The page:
TLDR – Improved business resilience, improved security and alignment to Microsoft’s future direction for M365.
In the old days 🙂 many on-premises SharePoint systems were created with deep site hierarchies with site collection boundaries often being driven by content database size considerations as much as by good Information Architecture practises.
As we transitioned to SharePoint Online this approach persisted, especially as site collections now max out at around 25TB of storage. If you have a deep hierarchy in SharePoint Online, or one where you have many sites within a small number of site collections, I recommend you consider whether this still meets your current and future needs and look at whether you’d be better adopting a more modern approach.
The more modern approach I’m referring to is to adopt the single Site per Site Collection approach that Microsoft now recommends as the default. So, why do this? Well, while there are pros and cons to everything, here are what I think are 3 good reasons…
Improved Business Continuity/Resilience
When you place lots of Sites in Site Collection they might seem independent to your user community, but they are in fact sharing a number of key resources. The main ones of concern in my view are shared storage (yes, 25TB can be reached!), shared security (admins and security groups) and a shared database. If something goes wrong with any of these it can be catastrophic, especially storage and the single DB. With these two you have put all your eggs in one basket.
Now don’t get me wrong, Microsoft does a great job in managing their environment and backups but even if the failure is “small” it can still bring everybody down. For example, if you need to go to Microsoft to have some files, a library or a site restored after they have been auto-purged from recycling (or deliberately purged from recycling), everybody in that shared area will need the have their data rolled back by days, weeks or months to get the data back and then, of course, everything needs to be rolled forward again. Not pretty from a user downtime point of view.
So if you want to protect your business data, distribute it across individual site collections.
Improved Site Collection security
Microsoft’s security is top-notch and private and public sectors across the world rightly rely on it. But no security system is 100% guaranteed. Zero-day vulnerabilities, buggy releases, poorly implemented security policies and human nature are all points of attack that malicious parties try to use to break in and access our data.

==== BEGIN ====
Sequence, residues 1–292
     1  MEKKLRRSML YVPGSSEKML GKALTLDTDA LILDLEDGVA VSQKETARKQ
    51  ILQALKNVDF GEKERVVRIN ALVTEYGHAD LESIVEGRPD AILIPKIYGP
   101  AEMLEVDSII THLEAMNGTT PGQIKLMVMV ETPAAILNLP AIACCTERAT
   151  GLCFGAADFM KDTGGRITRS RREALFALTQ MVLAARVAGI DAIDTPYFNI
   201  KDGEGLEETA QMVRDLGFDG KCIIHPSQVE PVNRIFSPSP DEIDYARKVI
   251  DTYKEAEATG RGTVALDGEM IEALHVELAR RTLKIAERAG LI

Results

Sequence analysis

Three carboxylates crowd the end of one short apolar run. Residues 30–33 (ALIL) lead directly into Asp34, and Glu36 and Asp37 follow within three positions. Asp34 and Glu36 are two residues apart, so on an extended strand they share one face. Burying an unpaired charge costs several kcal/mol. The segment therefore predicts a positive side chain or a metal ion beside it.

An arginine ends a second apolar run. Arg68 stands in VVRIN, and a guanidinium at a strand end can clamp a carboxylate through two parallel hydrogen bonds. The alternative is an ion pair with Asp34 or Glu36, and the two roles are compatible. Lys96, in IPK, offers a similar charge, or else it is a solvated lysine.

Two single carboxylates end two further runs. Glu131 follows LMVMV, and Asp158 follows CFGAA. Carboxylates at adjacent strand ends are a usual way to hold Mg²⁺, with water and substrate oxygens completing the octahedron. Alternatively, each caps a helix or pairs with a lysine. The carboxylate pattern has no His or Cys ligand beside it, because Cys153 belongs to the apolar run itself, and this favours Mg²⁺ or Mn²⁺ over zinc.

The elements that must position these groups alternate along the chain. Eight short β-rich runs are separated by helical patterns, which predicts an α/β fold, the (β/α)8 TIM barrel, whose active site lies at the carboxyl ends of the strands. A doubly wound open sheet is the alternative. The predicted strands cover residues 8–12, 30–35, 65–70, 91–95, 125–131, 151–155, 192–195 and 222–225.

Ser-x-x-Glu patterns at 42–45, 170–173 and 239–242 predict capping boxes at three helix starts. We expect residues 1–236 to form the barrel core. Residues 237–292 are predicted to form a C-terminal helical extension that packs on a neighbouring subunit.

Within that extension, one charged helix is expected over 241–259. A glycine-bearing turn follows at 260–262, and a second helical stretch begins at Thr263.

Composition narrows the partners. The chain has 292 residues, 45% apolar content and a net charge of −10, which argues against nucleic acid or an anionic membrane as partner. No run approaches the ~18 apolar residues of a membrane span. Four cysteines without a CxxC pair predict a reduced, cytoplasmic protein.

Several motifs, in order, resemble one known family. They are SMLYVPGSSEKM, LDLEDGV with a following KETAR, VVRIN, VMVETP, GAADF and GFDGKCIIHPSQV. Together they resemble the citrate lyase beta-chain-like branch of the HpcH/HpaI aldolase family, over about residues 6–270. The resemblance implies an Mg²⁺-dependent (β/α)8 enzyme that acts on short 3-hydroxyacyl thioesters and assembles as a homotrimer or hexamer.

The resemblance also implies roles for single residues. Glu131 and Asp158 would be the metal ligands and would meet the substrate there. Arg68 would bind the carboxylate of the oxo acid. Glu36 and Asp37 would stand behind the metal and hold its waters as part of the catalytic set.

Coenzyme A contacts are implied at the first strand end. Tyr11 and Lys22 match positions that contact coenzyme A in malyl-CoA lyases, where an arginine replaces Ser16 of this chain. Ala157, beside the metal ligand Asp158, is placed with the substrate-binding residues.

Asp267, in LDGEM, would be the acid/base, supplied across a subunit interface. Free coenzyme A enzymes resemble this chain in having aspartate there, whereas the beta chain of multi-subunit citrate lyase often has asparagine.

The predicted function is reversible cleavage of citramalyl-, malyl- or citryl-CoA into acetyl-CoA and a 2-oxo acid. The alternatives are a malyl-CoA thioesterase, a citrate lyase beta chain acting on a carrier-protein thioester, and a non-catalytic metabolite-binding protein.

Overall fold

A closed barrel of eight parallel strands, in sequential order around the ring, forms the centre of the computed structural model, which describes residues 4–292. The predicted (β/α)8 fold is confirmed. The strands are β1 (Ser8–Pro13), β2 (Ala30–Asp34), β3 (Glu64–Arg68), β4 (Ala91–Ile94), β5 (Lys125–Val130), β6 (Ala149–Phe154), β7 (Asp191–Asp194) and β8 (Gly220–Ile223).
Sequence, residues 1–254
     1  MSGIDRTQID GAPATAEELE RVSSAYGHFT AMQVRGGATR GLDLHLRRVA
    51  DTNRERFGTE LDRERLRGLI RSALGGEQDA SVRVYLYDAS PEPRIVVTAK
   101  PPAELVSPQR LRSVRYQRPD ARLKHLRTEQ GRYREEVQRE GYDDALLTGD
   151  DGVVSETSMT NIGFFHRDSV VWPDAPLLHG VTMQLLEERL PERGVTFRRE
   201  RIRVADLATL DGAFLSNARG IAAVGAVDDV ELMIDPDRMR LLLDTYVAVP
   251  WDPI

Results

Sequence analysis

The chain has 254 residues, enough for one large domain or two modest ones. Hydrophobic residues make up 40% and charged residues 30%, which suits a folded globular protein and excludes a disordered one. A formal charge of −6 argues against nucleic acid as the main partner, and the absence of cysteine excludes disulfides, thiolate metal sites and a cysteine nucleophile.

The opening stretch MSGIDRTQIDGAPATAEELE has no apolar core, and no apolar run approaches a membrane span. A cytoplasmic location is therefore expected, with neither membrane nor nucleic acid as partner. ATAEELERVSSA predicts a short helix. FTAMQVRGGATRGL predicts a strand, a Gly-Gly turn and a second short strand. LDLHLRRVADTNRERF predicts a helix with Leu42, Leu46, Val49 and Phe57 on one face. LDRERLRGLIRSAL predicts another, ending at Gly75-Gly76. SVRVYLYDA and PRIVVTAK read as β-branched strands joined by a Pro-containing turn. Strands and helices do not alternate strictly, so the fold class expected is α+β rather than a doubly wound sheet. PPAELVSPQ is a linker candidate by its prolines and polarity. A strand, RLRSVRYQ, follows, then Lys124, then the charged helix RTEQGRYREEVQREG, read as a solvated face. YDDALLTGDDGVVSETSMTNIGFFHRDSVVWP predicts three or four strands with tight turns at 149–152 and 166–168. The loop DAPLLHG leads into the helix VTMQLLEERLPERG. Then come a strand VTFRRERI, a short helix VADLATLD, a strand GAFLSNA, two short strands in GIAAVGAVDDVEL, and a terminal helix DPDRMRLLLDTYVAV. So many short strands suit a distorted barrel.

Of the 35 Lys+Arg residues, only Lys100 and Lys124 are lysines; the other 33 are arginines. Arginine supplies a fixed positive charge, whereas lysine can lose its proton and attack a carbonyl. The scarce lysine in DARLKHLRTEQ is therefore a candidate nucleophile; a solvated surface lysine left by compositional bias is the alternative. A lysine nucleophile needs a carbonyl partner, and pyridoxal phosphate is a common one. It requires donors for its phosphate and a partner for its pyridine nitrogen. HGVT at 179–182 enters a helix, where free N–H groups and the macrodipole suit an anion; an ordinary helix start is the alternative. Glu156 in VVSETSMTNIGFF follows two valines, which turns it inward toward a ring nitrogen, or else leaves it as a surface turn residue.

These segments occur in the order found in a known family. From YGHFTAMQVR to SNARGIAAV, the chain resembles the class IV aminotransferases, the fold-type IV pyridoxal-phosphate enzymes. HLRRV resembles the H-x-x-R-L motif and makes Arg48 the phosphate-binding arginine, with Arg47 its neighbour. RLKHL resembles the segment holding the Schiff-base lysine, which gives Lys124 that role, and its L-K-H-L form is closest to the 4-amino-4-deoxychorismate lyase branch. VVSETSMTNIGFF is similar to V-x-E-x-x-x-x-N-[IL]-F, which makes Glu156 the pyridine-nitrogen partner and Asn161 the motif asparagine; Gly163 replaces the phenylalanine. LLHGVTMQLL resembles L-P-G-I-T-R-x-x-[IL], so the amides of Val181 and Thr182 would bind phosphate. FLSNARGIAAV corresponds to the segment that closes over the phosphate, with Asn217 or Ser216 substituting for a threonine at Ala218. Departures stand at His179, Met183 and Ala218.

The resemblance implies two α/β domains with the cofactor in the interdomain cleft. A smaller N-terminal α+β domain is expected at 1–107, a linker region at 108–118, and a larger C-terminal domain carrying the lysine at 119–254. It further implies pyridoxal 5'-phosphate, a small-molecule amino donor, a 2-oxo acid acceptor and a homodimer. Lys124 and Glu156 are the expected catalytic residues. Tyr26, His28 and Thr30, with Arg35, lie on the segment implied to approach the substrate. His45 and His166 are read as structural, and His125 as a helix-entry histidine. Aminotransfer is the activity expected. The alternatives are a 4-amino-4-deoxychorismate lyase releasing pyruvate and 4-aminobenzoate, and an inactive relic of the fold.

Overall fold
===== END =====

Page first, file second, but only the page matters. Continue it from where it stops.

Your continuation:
While the details of securing an IT system is way beyond the scope of my 3 good reasons here, there is a fundamental advantage of the Site per Site Collection has over the many Sites to a Site Collection approach. That is, Site Collections are what I tend to refer to as a primarily security division. i.e. just because you have broken into 1 Site Collection in the tenancy, it does not necessarily follow that you can break into, or have access to, any of the others. So if there is only one Site in the Site Collection, you have only compromised that Site. That might be pretty bad for the organisation, but much better that you only got one Site hacked. Had all the organisations’ Site’s been in that Site Collection and Site Collection admin rights were compromised, the attacker would have access to everything.
So take advantage of the Site Collection security boundary and minimise the amount of data you have in each.
Embracing the future
Whether you like your hierarchies or not, Microsoft are moving away from them. For example, Microsoft is pushing MS Teams as the one-stop-shop for most users’ collaboration needs. One of the reasons this is working so well is that it is a portal as much as a product. What I mean by this is that you can add additional functionality from other systems by effectively presenting their “screens” via MS Teams. So a user may not even recognise that they are using a different app; it just seems to be MS Teams.
Why is this relevant to my 3 good reasons? Well, the same is true of the core features of MS Teams. Discussions are held in Exchange and critically from a SharePoint perspective, file storage is provided by the associated SharePoint site. This triad (sorry couldn’t resist 🙂 of Teams, Exchange and SharePoint is a common security configuration and for SharePoint it is based on a Site per Site Collection using shared group security. So when you create an MS Team, you also get a modern SharePoint Team Site in its own Site Collection. No other option is available and is unlikely to be supported either. So connecting a Team to somewhere deep in your site hierarchy is just not an option.
So, if you want to ensure long term alignment to maximise your investment in M365, moving away from old fashioned site hierarchies is a must.
Chris Blake, is a specialist in Delivery Management and Architecture, for Triad clients in the public and private sectors.